The Black Death and Its Effect on the Change in Medicine

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Historians have argued if the Black Death in the 13th century advanced science and medicine or if it was just a terrible plague that wiped out most of the European population. The Black Death did in fact bring many discoveries to most of Europe. The aftermath of the plague led to advancements of medications and swayed everyone from their hardcore beliefs.

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Medical practices went from being theoretical, based on their theories of the human body, to being more based on evidence which was gained through experience from prior patients. The questions I want to answer in this paper are: why did it took so long to find a cure for the plague? Was the disease difficult to understand in general? Lastly, did other theories hold up to Galen’s?

It all started in 1347, the time of the century where the people of Europe could not think it could be any worse. Slightly before this time, in 1316-1317, the people were already suffering from a famine due to volcanic eruptions which blocked out the sun. Later, came the cooling process as it rained too much for crops to grow. Families have doubled size roughly between 1000 and 1300’s and there simply was not enough food to feed the people of Europe. It wasn’t until 1347 when the Black Death, also known as the bubonic plague, was brought back by ship from Kaffa to the islands of Sicily.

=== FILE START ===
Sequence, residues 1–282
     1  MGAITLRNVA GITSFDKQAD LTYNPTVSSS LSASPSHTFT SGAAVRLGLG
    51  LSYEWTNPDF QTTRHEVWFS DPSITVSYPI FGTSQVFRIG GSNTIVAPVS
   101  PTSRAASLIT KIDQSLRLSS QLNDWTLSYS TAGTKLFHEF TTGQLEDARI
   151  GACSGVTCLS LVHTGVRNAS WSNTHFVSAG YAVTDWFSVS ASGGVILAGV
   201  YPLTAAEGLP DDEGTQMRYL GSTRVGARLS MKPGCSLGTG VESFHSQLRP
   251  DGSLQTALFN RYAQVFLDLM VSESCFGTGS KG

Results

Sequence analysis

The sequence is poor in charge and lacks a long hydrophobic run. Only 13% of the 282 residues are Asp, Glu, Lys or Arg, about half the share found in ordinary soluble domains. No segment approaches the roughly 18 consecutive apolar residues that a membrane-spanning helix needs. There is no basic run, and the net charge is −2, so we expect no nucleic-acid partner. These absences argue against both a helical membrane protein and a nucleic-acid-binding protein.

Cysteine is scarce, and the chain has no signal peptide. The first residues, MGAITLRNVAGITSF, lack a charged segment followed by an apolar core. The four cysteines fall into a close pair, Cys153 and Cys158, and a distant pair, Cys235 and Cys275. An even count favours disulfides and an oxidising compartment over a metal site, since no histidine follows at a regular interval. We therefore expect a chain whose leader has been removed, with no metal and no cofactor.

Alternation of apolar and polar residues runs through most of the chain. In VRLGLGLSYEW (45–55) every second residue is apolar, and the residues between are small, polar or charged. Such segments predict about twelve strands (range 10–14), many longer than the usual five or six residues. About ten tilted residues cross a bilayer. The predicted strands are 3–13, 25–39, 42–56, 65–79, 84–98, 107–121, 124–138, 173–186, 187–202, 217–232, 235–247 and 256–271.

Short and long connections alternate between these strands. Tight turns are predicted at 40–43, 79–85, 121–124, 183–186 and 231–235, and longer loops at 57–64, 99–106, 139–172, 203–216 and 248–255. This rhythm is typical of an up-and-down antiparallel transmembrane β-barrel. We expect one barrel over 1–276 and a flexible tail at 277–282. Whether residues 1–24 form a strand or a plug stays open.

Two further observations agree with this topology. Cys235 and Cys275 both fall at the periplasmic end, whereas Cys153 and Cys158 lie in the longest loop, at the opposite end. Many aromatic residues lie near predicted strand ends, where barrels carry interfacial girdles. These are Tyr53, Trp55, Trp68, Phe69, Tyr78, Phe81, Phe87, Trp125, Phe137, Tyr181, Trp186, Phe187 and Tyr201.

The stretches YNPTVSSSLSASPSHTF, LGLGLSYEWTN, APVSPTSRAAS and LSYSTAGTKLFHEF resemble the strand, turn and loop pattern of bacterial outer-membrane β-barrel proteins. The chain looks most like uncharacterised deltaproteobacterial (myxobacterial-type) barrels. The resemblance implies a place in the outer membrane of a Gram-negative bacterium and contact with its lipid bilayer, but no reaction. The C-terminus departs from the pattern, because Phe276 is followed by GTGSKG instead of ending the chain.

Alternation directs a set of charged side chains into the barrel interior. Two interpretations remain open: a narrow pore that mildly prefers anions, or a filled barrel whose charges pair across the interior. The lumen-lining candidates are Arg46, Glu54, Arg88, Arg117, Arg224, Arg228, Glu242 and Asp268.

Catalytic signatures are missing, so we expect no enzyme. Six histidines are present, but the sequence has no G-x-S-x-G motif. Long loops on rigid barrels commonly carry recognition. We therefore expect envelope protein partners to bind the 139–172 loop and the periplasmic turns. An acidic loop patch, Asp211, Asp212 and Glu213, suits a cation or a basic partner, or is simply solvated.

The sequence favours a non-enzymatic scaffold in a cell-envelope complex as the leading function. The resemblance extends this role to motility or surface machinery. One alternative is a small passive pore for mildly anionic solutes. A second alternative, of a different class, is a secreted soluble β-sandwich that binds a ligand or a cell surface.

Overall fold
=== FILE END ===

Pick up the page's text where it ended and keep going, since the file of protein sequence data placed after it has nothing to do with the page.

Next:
Kaffa was a Genoese trading center along the Black Sea, but, in 1346, the Huns were trying to take over the trade routes. This however, had allowed the Huns to become the victim of the plague. This caused at least 5 million deaths in China which caused the Huns to dump the bodies into Kaffa. This lead them into thinking it would cause the end of the plague but, unfortunately, the infected fleas will jump to different host bodies after the death of their original host body. This plague was then also brought to other European countries and it spread north.

Everyone was equally harmed by this disease meaning, not only did this disease affect those who were poor, but also those who were rich. At this point, the people have been forgetting the proper burial and would be thrown into a mass grave. By 1350, with an exception to few, all of Europe’s trading routes were devastated by the disease (Sayre 443). Not only did the Black Death plague break out once, but also again in 1363, 1388-90, and 1400.